I pray that you will, as I did, find a "family" of dear strong friends---in my case, some people saw me sitting by myself at meals my sophomore year and dragged me into fellowship. (And no, not every freshman is smiling and happy; those are just the most obvious.)

    In a way, I think you're fortunate---blessed---to have realization of self-inadequacy and helplessness hit this early. Utter dependence on God is a lesson I'm still not sure I've learned properly, and the need for it didn't really obtrude until my senior year.

    A movement from Mendelssohn's Elijah that I know as a hymn seems apropos at the moment:
    "Cast thy burden upon the Lord, and he shall sustain thee; he never will suffer the righteous to fall; he is at thy right hand.
    Thy mercy, Lord is great, and far above the heavens; let none be made ashamed that wait upon thee."

    ReplyDelete
  3. I wish I could hug you right now. I wish I could grab you around the neck and choke you as I yodel hello. I wish I could make you laugh.

    Exit sentimentality. Sort of.

    So. First: this was a hard post for a sister to read. I frowned and I smiled and then I felt horrible too. I got my own one-day feeling of being the nobody in the midst of people you don't know.

    We went to the coolest woman's retreat and I was with the teen girls. The teen girls who all had amazing testimonies and Biblical answers. The teen girls who all had friends. It was really...awkwardly lonely. Yup. I feel your pain.

    Thirdly (did I say secondly? This is thirdly anyway): taking the small steps are the hardest. They're the most exhausting. But you'll get better at it. It'll get easily-harder - if you get what I mean.

    Lastly: what a horrible way to disgrace Ronald Reagan.

    Loveth you so much! You're my favorite and most missed big sister ever.

    *hugs*

    Bethany

    ReplyDelete
  4. Praying for you, Bailey. Keep taking those little steps. :)

    ReplyDelete
  5. don't worry, I'm sure college will become easier in time. you'll get through it, and you'll love it, and sometime squished between your essays and pep rallies and whatnot, we'll have a nice phone chat and you can catch me up on everything. :]

    LOVE YOU. *SQUISHES*

    xx.
    Alexxus

    ReplyDelete
  6. Oh Bailey, sending a cyberhug your way! ((hugs)) These first few weeks are so overwhelming, and I think you sound pretty sane for a first-year freshman in her third week of classes!! :-D :-D :-D

    I know it sounds trite, but things will get better. Even I, a (*ahem*) seasoned college student, feel adrift in a sea of strange faces when I first start back each fall. But by the midway point of the semester, you will start getting a hold on your routine and making connections with friends. Next semester will be easier, too.

    Also, I found that the best thing I did in my first semester was to get a job and to attend church. Working and going to church brought me around older adults and younger kids, which was much more similar to what I was used to as a homeschooler. It was comforting and gave me a mental break ... I don't mean to poke my nose in or anything, that's just my snippet of advice that I hope might be helpful. :-)

    But above all, know that we all support you 100%. I will pray for you as I keep adjusting to my semester, too! :-) Keep your chin up and stay strong! You're doing great!!

    Love,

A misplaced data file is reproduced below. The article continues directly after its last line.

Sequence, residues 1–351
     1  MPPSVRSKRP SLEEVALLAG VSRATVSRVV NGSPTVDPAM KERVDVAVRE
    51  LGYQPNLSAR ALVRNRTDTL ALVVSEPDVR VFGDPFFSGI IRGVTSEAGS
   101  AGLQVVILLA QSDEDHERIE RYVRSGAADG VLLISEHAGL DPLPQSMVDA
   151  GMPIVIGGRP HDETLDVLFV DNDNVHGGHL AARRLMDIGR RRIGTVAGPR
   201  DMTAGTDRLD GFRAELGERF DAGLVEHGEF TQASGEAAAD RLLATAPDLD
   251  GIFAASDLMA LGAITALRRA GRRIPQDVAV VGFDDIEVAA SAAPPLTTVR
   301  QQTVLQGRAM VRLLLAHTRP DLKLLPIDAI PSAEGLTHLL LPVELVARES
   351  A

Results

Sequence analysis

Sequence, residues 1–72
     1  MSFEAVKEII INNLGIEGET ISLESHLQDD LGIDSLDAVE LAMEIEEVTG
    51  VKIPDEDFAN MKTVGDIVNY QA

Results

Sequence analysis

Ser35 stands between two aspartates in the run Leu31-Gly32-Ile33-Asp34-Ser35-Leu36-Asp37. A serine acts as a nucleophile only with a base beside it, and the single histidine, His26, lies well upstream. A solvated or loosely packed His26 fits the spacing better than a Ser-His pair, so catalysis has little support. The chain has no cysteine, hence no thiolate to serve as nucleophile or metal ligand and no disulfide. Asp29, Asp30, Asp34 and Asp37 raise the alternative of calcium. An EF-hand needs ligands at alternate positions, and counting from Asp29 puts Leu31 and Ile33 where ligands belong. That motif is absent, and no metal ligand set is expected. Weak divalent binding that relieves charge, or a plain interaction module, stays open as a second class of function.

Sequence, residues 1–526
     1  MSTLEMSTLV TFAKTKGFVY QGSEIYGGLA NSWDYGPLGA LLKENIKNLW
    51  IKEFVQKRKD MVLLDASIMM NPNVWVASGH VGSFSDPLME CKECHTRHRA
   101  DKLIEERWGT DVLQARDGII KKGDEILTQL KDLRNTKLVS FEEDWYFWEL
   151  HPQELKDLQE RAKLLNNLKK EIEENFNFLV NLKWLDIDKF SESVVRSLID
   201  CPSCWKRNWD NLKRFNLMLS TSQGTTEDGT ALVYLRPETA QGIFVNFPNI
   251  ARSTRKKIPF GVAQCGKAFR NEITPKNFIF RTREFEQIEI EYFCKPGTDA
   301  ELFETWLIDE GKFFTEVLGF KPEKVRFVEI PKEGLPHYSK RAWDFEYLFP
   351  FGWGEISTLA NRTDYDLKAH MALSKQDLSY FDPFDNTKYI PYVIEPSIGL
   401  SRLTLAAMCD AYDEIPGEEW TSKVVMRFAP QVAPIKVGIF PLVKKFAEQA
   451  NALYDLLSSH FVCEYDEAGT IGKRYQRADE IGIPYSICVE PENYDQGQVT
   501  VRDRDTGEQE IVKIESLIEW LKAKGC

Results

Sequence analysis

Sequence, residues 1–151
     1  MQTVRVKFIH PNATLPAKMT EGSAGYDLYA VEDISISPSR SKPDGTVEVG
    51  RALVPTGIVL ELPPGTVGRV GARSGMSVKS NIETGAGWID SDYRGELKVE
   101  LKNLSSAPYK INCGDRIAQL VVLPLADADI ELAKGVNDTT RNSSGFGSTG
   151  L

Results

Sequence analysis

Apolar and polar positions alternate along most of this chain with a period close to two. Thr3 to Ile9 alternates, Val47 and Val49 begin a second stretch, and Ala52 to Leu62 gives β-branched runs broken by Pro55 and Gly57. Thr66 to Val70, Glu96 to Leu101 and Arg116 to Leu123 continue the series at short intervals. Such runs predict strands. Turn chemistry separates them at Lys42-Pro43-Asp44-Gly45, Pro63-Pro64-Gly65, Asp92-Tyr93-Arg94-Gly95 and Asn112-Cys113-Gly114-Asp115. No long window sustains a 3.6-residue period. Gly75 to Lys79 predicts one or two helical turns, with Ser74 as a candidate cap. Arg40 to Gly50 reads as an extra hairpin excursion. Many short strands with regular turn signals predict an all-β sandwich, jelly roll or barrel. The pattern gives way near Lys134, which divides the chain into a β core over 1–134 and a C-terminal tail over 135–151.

Vicki

    ReplyDelete
  7. Thank you so much for posting despite your super-busy schedule, Bailey! It sounds like you're having a tough adjustment, but I can guarantee you are not the only one who cried the second week. Just do like you said: take it one step at a time. I'll be praying for you. :)
    <><

    ReplyDelete
  8. Hang in there! Before you know it you will be an old hand at all the college "stuff" and will be as comfortable there as in your old bedroom at home. Maybe more!

    Thanks for squeezing in a post to update all of here in the virtual world cheering you on.

    Adele

    ReplyDelete
  9. Praying for you Bailey...enjoy this new season of your life!

    Keep your eyes on Jesus!!

    Alisha

    ReplyDelete
  10. Praying for you, Bailey girl! I agree with Bethany, it was hard at times to read, I want to just transport you home for a weekend and have all your profs give you some time off! But I guess I can't. I can't say I've been exactly where you are, but I'm in a time of Step by Step like you. Trust God and just keep placing one foot in front of the other. I know you'll get into the routine, and I pray God will send you some special friends. But don't feel friendless in the world. You still have all of us! Thanks for taking the time to share what's been on your heart.

    ReplyDelete
  11. Oh, Bailey, this stuff is so hard- I know the crazy, lost and unstable feelings that go along with lots of unfamiliarities, but when everything is unfamiliar... And I know what it's like having bigillions of challenges, but bigillions of challenges where everything is unfamiliar...
    God has given you so much grace, Bailey Beans, I'm just so thankful for our comforter :). Don't forget that you're His Bailey, His dear Bailey. Don't be afraid to be broken; His strength is attracted to weakness.

    Love you and miss you so much! Praying for you every day :)

    ~Miss Lindsey

    p.s. You make the most adorable raptor ;)

    ReplyDelete
  12. Hey Bailey, I just started following you! I love this blog. really neat

    I awarded you the fantastic blog award, check it out!
    ksjournal1.blogspot.com

    -Kristin

    ReplyDelete
  13. Hey there, would you mind if I snagged this for YLCF? Probably won't go "live" for a good while yet, but would LOVE to publish it on there.

    Email me (alaskawildrose at gmail dot com) if that's okay? :)

    Thanks ever so much! <3

    ReplyDelete

Hit me with your best thought! I'm very interested in your unique perspective. If you'd like to discuss things in private, feel free to email me! :)